Here is the ultimate guide to freezing and storing vegetables for the long term, along with a few tips and tricks to help you out.
These methods have worked like a charm for me and several other home cooks.
Let’s get started.
Why Freeze Vegetables and Its Benefits
If you are wondering whether you should freeze vegetables in the first place, here is a list of benefits and perks to keep in mind.
Freezing Keeps Food Safe
Whether it is leftovers or groceries that you haven’t used up yet, you can only keep them on the kitchen counter or in the fridge for so long.
Freezing them makes sure that the bacterial growth is stunted and keeps it fresh for longer.
Freezing Keeps the Nutritional Value Intact
Although vegetables are great fresh out of the field or garden, they can lose their nutritional value in transit, in storage, and on the rack. So, freezing the vegetables doesn’t make them lose their nutritional value.
In fact, some vegetables show to have higher vitamin C and nutritional benefits after freezing.
It’s Economical to Freeze the Veggies
Buying in bulk is often cheaper, especially if it is seasonal vegetables. In case, you are not able to make the most out of all the veggies, you can freeze them for later and save a few bucks. It also saves a lot of food waste.
Keeping Seasonal Vegetables All Year Round
You can have the best of seasonal vegetables all year long if you portion and freeze them right after the harvest or purchase.
Meal Prep Is Out of the Way
If you are someone with a busy schedule, making food in bulk and freezing them is a great way to make your life easier. Taking out a few hours in a week can make cooking a much easier and hassle-free activity.
Freezing Requires Little to No Added Preservatives
Freezing vegetables keeps them fresh for longer without having to add a lot of preservatives or pickle a whole bunch. You can have vegetables as good as fresh ones all year round.
Pre-Freezing Preparation for Vegetables
Freezing vegetables is quite simple and with these few preparatory steps, you can also save yourself a lot of trouble and time later on.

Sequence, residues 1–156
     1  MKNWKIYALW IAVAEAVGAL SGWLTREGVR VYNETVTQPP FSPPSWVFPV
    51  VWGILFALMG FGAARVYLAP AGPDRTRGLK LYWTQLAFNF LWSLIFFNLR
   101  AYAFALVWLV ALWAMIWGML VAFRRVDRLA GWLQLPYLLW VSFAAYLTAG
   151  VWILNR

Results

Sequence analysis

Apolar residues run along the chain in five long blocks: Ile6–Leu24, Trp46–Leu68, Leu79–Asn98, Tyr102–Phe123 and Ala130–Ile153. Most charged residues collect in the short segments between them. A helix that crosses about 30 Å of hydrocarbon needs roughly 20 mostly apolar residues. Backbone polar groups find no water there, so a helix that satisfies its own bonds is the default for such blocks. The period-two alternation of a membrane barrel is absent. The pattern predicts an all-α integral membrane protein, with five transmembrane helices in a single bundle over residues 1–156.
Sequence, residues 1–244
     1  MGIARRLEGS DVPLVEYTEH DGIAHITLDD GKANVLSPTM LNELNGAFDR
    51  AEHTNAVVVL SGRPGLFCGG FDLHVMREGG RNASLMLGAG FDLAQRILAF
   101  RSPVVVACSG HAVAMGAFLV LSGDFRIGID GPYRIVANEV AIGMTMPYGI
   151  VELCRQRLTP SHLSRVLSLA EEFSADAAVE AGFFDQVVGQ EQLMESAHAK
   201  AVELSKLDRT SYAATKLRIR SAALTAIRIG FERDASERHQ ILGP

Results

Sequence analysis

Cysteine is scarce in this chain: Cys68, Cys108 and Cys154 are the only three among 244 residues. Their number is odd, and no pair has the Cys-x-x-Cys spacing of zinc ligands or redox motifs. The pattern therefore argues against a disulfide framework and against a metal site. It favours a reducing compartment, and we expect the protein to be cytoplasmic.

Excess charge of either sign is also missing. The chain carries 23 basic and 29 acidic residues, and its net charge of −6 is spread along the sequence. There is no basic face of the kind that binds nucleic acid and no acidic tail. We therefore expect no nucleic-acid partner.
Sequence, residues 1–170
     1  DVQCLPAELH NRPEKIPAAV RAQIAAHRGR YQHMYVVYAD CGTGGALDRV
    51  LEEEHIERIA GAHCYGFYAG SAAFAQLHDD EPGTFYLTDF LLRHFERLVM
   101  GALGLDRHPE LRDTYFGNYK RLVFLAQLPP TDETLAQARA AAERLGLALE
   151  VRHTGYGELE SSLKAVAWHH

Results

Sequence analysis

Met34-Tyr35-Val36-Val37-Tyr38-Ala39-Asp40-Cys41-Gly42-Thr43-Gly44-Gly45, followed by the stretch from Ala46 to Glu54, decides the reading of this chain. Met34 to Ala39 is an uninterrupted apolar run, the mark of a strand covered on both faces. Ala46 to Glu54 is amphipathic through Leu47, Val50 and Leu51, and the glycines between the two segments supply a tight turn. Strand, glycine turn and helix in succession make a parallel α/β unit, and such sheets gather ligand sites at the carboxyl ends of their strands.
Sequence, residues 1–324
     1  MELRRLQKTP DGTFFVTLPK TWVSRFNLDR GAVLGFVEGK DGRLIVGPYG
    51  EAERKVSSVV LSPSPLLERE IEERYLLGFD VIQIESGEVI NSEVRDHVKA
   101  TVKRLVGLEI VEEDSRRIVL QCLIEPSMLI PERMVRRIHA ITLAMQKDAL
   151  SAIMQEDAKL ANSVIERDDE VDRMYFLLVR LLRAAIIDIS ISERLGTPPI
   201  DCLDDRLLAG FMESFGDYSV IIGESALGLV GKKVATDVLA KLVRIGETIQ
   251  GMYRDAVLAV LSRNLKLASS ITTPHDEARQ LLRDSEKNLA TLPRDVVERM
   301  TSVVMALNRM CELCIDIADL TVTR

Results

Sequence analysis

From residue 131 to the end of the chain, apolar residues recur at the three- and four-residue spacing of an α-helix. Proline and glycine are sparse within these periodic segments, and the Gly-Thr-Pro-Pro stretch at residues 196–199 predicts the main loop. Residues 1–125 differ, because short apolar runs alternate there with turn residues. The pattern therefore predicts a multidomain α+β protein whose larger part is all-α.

Cut Based on How You Plan to Use Them
Rather than popping the vegetable as a whole in the fridge, it would be best to cut them into smaller portions.
Whether it is slices, cubes, shreds, or rough cuts, prep the veggies based on how you would use them in your recipes. This avoids having to work with soggy vegetables and reduces prep time.
Treat the Veggies to Stop it From Turning Brown
If you are freezing vegetables that can turn brown when they are cut, you can give them a wash in a solution of water and lemon juice, or any ascorbic acid. This will keep them from browning and keep them fresh for longer.
Methods of Freezing Vegetables
Now that we have covered the benefits and prep steps, let’s dive right into the process of freezing vegetables.
Method 1 – Freezing Vegetables after Blanching Them
This is the most recommended method of freezing vegetables, even green leafy ones. It is the best way to keep the color and nutrition intact.
- After you wash, cut, and prep the vegetables, add them into a pot of boiling water and cook them. Each veggie has a specific cook time, so keep that in mind.
- Then transfer the blanched veggies into an ice bath to stop any further cooking.
- Drain the vegetables and lay them down on a kitchen towel and dry them out thoroughly.
- Portion and transfer the vegetables into a Ziploc bag or a freezer-safe air-tight container and seal them in.